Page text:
Six ways to break the law in your garden, from planting trees to land disputes

Summer nights allow us to spend more time in our gardens, but there are things we could do from the comfort of our lawns that could actually break the law.

Legal experts at BPP University School of Law have revealed six ways you can unknowingly break the law from the comfort of your own backyard.

If you plan to spend as much time in the sun as possible (while it lasts), keep reading so you don’t get caught later.

Here are six ways you could be breaking the law from your own backyard and how you can avoid it.

Watering can sitting on the grass. Credit: PA

How you could be breaking the law from your own backyard

1. Fruit theft

If you come across fruit that has fallen from your neighbor’s tree, your neighbor has the legal right to claim it.

On top of that, if you removed the fruit, it would actually count as stealing.

According to BPP University Law School, the easiest way to avoid it is to return the fruit as soon as you find it.

However, don’t just dump them in their garden, as this could be interpreted as litter or fly dumping.

Impartial journalist: apples on a tree.  Credit;  ClothApples on a tree. Credit; Cloth

2. Prune the branches

Branches hanging over the fence blocking your view or access to the sun can be an eyesore and a bit of a pain.

However, you must resist hacking the tree branch if it is not yours to avoid breaking the law.

That being said, you can cut branches right up to your property line, which is the point where your garden ends and your neighbor’s land begins.

Either way, it’s always best to ask them first to avoid any conflicts.

3. Plant trees
If you spend more time in your garden, you may want to make some changes to it, possibly by planting trees.

But you should be aware of the right to light law beforehand and it might even make you think twice.

The law states that if your neighbor has had access to natural light through a window for 20 years or more, you are not allowed to block it.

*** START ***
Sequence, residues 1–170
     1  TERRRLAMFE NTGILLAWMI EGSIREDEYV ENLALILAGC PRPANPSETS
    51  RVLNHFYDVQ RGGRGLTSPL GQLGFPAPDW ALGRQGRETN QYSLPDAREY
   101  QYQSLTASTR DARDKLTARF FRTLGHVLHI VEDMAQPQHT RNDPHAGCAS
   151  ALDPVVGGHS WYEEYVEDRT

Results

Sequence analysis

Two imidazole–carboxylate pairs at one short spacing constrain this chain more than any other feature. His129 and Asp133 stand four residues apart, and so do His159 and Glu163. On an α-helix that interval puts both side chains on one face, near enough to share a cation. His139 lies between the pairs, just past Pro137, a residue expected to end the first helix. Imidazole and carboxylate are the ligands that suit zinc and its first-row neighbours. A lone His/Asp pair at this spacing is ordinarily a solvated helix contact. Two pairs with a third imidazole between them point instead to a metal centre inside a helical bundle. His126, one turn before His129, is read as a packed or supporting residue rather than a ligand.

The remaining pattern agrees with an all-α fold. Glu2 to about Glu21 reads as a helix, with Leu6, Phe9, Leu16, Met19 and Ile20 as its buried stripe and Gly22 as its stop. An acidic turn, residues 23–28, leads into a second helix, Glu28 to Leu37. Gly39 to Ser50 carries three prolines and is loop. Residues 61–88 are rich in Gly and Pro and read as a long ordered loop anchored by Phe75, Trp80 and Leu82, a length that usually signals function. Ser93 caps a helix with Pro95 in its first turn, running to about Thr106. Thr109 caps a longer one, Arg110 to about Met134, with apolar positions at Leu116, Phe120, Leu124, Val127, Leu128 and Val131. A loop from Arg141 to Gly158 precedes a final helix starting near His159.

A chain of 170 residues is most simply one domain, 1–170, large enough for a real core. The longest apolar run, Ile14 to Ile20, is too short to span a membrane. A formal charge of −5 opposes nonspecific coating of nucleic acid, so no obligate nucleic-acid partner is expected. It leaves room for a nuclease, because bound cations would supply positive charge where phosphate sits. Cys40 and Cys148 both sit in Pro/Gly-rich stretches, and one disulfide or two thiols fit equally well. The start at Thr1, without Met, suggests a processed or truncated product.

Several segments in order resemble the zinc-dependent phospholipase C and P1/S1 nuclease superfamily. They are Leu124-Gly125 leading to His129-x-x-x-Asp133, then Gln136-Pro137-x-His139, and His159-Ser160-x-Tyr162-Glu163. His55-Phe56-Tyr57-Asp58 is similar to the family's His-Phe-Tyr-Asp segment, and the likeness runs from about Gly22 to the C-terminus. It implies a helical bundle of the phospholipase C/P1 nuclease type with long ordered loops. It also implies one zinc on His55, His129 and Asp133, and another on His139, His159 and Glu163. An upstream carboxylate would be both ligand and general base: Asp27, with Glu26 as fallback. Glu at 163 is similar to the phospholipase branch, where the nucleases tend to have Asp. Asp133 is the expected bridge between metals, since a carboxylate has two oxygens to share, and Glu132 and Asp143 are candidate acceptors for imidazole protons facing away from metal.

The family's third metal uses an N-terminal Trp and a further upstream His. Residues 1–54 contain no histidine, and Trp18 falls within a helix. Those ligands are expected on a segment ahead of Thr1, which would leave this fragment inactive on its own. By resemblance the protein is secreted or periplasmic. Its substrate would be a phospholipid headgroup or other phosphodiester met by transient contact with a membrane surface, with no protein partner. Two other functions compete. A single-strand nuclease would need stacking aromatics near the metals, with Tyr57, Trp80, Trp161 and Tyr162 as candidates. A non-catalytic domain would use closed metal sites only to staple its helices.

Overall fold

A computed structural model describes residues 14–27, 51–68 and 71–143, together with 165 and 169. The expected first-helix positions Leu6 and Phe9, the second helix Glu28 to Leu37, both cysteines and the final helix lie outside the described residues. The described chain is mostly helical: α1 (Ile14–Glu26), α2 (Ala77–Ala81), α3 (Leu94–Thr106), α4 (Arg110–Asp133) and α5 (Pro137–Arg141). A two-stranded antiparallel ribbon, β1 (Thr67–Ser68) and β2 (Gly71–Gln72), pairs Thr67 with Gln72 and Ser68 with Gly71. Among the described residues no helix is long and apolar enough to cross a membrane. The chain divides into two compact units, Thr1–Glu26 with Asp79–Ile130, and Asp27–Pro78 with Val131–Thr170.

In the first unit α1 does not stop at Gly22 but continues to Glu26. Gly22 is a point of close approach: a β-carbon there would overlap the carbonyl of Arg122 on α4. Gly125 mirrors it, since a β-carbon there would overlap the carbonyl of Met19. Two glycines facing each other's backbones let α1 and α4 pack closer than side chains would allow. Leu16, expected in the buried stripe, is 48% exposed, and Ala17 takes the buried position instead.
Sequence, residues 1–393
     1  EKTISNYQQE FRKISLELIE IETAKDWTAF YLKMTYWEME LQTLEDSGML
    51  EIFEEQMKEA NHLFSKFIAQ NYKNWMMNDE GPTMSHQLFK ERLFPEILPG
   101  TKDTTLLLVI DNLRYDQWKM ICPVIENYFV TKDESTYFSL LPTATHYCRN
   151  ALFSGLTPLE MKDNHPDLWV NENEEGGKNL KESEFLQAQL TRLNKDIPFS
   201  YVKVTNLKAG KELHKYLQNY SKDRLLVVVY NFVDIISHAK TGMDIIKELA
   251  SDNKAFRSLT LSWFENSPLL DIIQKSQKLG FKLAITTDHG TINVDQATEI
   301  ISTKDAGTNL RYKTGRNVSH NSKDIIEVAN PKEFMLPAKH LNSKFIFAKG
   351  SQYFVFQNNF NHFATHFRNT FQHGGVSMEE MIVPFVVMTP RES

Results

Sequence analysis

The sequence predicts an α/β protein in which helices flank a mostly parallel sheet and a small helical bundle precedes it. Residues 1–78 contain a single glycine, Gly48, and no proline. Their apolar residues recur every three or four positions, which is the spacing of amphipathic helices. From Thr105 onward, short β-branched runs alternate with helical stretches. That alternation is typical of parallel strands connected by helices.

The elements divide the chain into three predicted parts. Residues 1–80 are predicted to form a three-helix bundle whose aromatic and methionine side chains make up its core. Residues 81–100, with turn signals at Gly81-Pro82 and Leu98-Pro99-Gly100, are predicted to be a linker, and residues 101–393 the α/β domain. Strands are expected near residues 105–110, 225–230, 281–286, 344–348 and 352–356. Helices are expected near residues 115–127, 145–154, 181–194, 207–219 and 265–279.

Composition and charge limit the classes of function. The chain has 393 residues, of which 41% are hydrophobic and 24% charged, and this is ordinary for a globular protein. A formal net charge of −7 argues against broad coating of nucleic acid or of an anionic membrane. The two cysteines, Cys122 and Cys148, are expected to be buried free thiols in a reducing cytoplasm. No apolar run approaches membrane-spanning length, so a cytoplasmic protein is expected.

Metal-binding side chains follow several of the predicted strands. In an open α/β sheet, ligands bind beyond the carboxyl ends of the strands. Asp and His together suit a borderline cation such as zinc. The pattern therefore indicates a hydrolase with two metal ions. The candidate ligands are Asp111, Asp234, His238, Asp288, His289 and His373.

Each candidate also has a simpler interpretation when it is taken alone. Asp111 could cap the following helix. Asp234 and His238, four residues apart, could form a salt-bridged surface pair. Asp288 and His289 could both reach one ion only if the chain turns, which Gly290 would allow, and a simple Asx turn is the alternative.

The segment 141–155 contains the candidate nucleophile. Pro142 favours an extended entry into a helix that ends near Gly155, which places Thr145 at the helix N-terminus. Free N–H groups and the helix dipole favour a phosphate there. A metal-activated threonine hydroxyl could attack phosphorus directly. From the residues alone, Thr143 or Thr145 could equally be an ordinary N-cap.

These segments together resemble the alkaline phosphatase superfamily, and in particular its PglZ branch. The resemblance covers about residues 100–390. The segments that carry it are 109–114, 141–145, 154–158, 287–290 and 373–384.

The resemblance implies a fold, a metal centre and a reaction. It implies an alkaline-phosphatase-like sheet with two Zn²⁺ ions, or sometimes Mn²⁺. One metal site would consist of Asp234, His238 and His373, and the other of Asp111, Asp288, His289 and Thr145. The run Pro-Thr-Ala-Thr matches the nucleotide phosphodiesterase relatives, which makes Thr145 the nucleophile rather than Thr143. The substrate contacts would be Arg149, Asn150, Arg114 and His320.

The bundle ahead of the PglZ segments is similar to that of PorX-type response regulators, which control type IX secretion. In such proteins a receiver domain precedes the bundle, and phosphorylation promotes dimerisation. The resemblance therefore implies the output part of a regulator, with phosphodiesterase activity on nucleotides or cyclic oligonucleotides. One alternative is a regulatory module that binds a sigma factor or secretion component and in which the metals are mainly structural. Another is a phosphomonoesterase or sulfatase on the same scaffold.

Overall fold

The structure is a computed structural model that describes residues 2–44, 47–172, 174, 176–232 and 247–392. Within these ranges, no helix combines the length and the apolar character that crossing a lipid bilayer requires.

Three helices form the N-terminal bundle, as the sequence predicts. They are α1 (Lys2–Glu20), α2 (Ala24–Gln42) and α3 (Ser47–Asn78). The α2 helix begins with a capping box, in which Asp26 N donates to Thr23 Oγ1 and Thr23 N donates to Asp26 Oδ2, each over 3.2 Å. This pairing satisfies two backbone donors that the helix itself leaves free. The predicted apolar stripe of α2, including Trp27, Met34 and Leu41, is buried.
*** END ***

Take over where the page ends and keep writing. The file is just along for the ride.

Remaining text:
You should try to plant trees and shrubs away from windows that don’t belong to you, just to avoid confusion.

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4. Ask your neighbors to clean their sheets

Cleaning up your garden in the spring and summer can be a relaxing and somewhat challenging job at the same time.

It can be a thankless task, especially when you have to clean up fallen leaves from your neighbor’s trees in your garden.

You might be tempted to ask your neighbor to help out, but they actually have no legal obligation to do the cleaning.

Impartial Reporter: Colorful Flowers in a Garden.  1 creditColorful flowers in a garden. 1 credit
5. Take flowers from your neighbors

If you and your green fingers get their color by envying your neighbor’s flowers and not by spending time in your garden, listen up.

Just like taking fruit from your neighbor’s fallen trees, even if the flowers have fallen, your neighbor still has the right to claim them.

It’s best to avoid taking flowers unless you’ve asked for them, paid for them, or planted and grown them yourself!
6. Dealing with land disputes

Do not take any land dispute between you and a neighbor into your own hands.

While you’re sitting in the garden this summer, it’s natural for your mind to wander and even ask questions like, “should my neighbor’s fence be this close to my house?” Is this really where the boundaries between our houses are?

If this is the case, BPP University Law School recommends that you clear up any confusion by contacting the HM Land Registry, as boundaries may in fact shift over the years.